The ever notable Dennis O’Rourke (Cunnamulla) takes us into the lives of Habiba and Shah, an Afghani couple eking out an existence in the ruined city of Kabul.
Screened as part of NZIFF 2005
With remarkable ease the ever notable Australian documentary maker Dennis O’Rourke takes us into the confidence of Habiba and Shah, an Afghani couple who eke out an existence for themselves and their family in the ruined city of Kabul. ‘Flowers from the same garden’, both of them seriously incapacitated by land mines, they are matter-of-fact about the wearying challenges they face, and appealingly direct in their insights about the state of the world, their hopes for their children and their abundant affection for each other. O’Rourke cuts in Soviet training films, for example, or a Pentagon press conference, reminding us, without undue insistence, of the heedless forces shaping the lives of these resilient, likeable people. — BG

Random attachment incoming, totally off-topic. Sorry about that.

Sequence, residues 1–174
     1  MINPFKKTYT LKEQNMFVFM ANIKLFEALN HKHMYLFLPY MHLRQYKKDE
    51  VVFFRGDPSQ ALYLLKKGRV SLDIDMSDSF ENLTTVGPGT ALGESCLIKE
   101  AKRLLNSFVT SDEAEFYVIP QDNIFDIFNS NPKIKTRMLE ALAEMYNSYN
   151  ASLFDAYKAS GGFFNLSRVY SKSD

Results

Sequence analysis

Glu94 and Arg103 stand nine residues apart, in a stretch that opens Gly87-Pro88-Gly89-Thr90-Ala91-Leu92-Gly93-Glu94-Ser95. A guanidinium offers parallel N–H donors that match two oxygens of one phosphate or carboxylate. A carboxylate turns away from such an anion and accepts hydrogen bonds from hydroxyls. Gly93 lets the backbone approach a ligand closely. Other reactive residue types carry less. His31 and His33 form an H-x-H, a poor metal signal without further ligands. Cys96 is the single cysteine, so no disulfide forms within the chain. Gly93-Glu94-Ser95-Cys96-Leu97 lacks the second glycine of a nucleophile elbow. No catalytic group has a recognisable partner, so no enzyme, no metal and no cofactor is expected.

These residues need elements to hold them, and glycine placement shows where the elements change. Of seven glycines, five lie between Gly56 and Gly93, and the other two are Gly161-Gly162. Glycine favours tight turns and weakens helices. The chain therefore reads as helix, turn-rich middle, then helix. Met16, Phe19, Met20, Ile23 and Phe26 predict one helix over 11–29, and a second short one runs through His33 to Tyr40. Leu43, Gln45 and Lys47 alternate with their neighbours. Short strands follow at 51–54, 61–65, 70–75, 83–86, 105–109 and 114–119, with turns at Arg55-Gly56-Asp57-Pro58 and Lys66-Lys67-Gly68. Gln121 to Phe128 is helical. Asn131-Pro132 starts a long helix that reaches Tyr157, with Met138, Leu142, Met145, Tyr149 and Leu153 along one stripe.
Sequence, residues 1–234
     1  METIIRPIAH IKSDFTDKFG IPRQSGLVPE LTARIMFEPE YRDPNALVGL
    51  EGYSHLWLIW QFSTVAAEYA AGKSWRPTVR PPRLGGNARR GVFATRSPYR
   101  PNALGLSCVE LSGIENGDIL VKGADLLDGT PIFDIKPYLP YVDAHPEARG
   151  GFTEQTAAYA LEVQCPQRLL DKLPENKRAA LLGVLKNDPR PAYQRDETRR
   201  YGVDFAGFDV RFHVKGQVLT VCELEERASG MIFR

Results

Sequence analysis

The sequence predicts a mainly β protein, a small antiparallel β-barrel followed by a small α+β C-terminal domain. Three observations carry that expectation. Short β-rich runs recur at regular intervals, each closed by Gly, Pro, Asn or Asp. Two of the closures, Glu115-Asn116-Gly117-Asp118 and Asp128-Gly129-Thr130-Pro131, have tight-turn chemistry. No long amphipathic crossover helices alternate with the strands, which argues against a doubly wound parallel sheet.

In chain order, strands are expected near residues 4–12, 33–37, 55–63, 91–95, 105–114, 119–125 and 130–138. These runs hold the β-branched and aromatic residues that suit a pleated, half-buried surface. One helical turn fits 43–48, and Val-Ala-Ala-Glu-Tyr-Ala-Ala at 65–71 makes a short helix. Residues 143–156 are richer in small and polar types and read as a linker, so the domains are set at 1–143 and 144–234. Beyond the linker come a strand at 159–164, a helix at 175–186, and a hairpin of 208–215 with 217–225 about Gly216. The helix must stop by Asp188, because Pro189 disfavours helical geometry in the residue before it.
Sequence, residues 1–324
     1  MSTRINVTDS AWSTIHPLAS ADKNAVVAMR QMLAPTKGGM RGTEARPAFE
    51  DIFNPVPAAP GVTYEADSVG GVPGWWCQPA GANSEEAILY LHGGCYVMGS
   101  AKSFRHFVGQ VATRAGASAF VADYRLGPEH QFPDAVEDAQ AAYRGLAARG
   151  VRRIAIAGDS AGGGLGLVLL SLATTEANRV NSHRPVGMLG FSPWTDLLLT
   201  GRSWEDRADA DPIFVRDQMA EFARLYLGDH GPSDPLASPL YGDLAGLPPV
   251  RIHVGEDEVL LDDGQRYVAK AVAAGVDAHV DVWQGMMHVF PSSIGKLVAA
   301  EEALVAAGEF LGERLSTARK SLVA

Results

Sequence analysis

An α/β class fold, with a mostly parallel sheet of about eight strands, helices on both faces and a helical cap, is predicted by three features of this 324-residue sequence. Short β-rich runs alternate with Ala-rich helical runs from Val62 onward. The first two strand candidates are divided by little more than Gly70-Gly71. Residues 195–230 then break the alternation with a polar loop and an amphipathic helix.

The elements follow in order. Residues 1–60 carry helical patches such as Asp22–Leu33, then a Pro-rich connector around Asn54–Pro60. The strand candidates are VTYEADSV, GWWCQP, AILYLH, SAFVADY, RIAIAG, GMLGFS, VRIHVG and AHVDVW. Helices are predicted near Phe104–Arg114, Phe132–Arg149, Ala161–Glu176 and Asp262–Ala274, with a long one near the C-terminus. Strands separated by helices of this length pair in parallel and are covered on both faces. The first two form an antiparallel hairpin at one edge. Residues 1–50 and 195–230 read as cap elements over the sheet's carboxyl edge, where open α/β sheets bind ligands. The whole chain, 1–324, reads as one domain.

"Land Mines is Dennis O’Rourke’s first film since Cunnamulla in 2000. That film was controversial even by O’Rourke’s standards (he also made The Good Woman of Bangkok, and Land Mines may be partly a reaction. ‘I wanted to make a film away from Australia, a film which was personal – about people from another culture and place whom I could love and who could relate to me – but in my mind this film also had to be about a global issue of pressing importance.’ That’s O’Rourke in classic raiment – the documentarian as voyager, romantic reformer and poet, a strange mixture of egotist and missionary… O’Rourke always expresses himself better in images than words, and Land Mines is a beautiful film: simple, direct, engaged and very eloquent about an obscene situation. It’s acutely revealing of both the filmmaker’s compassion and his anger, without being hysterical. It shows old Russian training films about how to use mines, as well as footage of George Bush announcing a desire to help ‘the poor souls in Afghanistan’. He includes painfully slow and dangerous land mine clearance, undertaken by NGOs such as the Halo Trust, as well as a Pentagon officer admitting at a press conference ‘it is unfortunate that the cluster bombs are the same colour as the food pacakages.’ O’Rourke has absorbed some of the techniques of the best Iranian films, trying to give his shots a sense of space and stillness. There’s a constant tension between his desire to editorialise and his wish to observe, but it’s quietly productive. The film is neither all head nor all heart, more a galvanizing balance of the two." — Paul Byrnes, Sydney Morning Herald